Malnutrition leading cause of death in post-war Angola
Malnutrition replaced violence as the main killer of displaced children and adults at the end of Angola's bloody civil war, says the medical relief organization, Médecins Sans Frontières (MSF). A survey (BMJ 2003;327:650-5) by the organization documents the disastrous health impact of armed conflict on an isolated population that has been largely ignored by the outside world.
The survey focused on the families of former members of the rebel movement UNITA (União Nacional para a Independência Total de Angola), which was defeated after a 27-year civil war. A ceasefire was signed in April 2002. In the last four years of the war, an international embargo prevented relief organizations from reaching UNITA-held areas so that by the time of the ceasefire, some three million people were judged to be in need of immediate help.
MSF says that death rates among the displaced UNITA families during the survey period, between mid-2001 and mid-2002, were about three times as high as expected for a population in a low-income country. Some of the deaths could have been avoided if humanitarian aid had been available, the report says. It calls for more effective humanitarian responses to the needs of people caught up in wars, whatever the political and military considerations. The report also criticizes the slowness of the aid response in the first four months after the ceasefire, blaming a "general unwillingness on the part of donor agencies" to commit money to the UN's appeals for Angola at the time.
"These findings show that once the conflict is over and the cameras are switched off, the suffering continues," said Francesco Checchi, an epidemiologist and co-author of the report. He added that Angola's situation is unlikely to be unique given the large number of other countries currently in the midst of armed conflicts or their aftermath.
During August 2002, MSF interviewed a representative sample of more than 6500 householders in 11 demobilization camps for former UNITA families in four provinces, which together accommodated more than 149 000 people. For each death reported, householders were asked to select the most likely cause from a list: fever or malaria, diarrhoea, cough, measles, malnutrition, violence or war, or other causes.
Up to December 2001, violence or war was the leading cause of death, accounting for 34% of the reported deaths in the sample. But in 2002 malnutrition took the place of war, accounting for 34% of the deaths reported during that year. The proportion of deaths attributable to malnutrition rose steadily from 15% in the summer of 2001 to 39% in the spring of 2002. In the sample population as a whole, there were 1.5 deaths per 10 000 people per day, three times as high as in neighbouring Zambia. In children under the age of 5, the death rate was four times higher than normal for the age group: 4.5 deaths per 10 000 each day.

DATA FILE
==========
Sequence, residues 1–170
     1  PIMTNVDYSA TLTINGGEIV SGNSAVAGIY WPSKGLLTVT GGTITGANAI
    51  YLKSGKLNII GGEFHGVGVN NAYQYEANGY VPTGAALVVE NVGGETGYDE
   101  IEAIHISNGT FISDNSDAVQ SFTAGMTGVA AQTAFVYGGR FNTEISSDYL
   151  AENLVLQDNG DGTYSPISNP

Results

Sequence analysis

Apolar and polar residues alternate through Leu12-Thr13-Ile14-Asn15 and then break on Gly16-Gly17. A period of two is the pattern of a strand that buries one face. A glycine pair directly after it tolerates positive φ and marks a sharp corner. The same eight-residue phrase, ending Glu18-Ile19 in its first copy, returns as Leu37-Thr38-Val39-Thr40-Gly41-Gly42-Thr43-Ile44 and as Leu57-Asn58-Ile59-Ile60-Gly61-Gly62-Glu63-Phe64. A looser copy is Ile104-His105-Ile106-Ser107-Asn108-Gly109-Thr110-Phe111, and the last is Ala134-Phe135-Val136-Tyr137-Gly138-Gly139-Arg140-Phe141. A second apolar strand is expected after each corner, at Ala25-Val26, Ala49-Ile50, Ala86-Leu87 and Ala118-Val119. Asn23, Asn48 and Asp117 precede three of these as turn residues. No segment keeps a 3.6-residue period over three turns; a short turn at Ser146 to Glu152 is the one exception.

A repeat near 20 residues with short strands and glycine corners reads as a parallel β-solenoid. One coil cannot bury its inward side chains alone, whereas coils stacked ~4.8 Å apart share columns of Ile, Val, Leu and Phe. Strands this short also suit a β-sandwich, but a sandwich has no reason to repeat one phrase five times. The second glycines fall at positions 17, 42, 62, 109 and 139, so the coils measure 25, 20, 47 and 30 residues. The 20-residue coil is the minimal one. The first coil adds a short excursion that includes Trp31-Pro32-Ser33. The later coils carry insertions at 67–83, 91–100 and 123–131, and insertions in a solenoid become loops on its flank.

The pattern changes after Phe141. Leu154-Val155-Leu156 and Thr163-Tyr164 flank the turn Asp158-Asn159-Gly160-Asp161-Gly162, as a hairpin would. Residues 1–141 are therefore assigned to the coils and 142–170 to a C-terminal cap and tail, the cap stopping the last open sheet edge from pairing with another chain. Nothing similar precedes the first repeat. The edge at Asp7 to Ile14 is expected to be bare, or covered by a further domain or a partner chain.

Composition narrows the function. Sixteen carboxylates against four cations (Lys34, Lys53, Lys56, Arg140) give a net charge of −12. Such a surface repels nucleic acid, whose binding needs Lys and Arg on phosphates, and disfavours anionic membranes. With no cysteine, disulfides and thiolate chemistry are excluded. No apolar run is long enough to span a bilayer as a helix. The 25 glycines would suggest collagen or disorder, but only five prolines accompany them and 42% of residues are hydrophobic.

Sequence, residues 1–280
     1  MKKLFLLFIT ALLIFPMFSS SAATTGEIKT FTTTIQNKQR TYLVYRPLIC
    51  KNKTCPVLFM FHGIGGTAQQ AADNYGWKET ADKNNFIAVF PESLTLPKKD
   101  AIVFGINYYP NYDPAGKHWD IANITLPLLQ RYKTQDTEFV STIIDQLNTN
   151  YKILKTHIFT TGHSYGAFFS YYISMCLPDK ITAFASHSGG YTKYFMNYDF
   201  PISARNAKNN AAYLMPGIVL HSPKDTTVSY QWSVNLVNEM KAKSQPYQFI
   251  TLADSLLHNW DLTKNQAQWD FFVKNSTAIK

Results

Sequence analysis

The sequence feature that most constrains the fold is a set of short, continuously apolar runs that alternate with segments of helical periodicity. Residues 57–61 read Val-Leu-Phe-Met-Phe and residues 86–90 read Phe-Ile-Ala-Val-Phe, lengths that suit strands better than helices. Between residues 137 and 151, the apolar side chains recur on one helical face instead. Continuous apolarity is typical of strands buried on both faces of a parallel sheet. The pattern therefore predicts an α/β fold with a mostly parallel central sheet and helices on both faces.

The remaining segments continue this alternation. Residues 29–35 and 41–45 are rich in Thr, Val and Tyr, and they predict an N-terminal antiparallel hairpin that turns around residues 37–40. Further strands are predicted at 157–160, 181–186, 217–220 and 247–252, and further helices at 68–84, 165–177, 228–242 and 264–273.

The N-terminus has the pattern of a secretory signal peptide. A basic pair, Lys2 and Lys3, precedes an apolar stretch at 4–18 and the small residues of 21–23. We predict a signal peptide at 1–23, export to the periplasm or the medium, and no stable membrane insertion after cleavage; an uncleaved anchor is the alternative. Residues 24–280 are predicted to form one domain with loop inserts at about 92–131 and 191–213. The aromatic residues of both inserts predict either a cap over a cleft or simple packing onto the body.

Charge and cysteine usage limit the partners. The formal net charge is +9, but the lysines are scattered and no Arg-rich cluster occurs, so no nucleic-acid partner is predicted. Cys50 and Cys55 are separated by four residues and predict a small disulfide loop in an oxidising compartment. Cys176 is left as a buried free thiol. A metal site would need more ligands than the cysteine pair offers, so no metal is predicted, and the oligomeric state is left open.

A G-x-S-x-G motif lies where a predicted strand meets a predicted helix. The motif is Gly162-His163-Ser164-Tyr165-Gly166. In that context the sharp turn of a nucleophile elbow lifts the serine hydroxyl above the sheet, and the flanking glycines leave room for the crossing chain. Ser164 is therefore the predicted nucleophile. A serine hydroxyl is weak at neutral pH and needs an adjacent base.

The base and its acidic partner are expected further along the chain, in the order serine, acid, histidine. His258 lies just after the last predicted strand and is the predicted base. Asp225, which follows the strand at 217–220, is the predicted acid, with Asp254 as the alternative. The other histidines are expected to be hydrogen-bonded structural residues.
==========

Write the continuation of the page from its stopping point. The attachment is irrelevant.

In young children especially, malnutrition often proves lethal when combined with a number of other diseases such as diarrhoea, malaria and measles, according to a WHO report by the Nutrition for Health and Development Department (Nutrition for Health and Development: A global agenda for combating malnutrition, 2000). It is relatively rare for people to die of simple hunger but in Angola Checchi said that, in addition to deaths from infectious diseases, householders consistently reported deaths from hunger in adults and children. "I have rarely seen people in such a state of destitution," he said.
However, recent data from the UN Standing Committee on Nutrition (Report on the Nutrition Situation of Refugees and Displaced Populations, 42, August 2003) suggest that since the end of the survey (August 2002) food security has been improving in Angola.
The MSF report concludes that, for this displaced population, "minimum standards in emergency response were not met … military and political considerations must not come in the way of effective and timely humanitarian access to populations endered isolated by such conflicts."
In response to the paper's authors' suggestion that there had been unacceptable delays in getting aid to the UNITA families, an official from the World Food Programme in Luanda said "we were aware of the need and we responded as quickly as possible. But getting access to some of these areas is a huge problem. In many cases there are no roads, no bridges, and the areas are heavily mined. We mobilized all our resources to respond."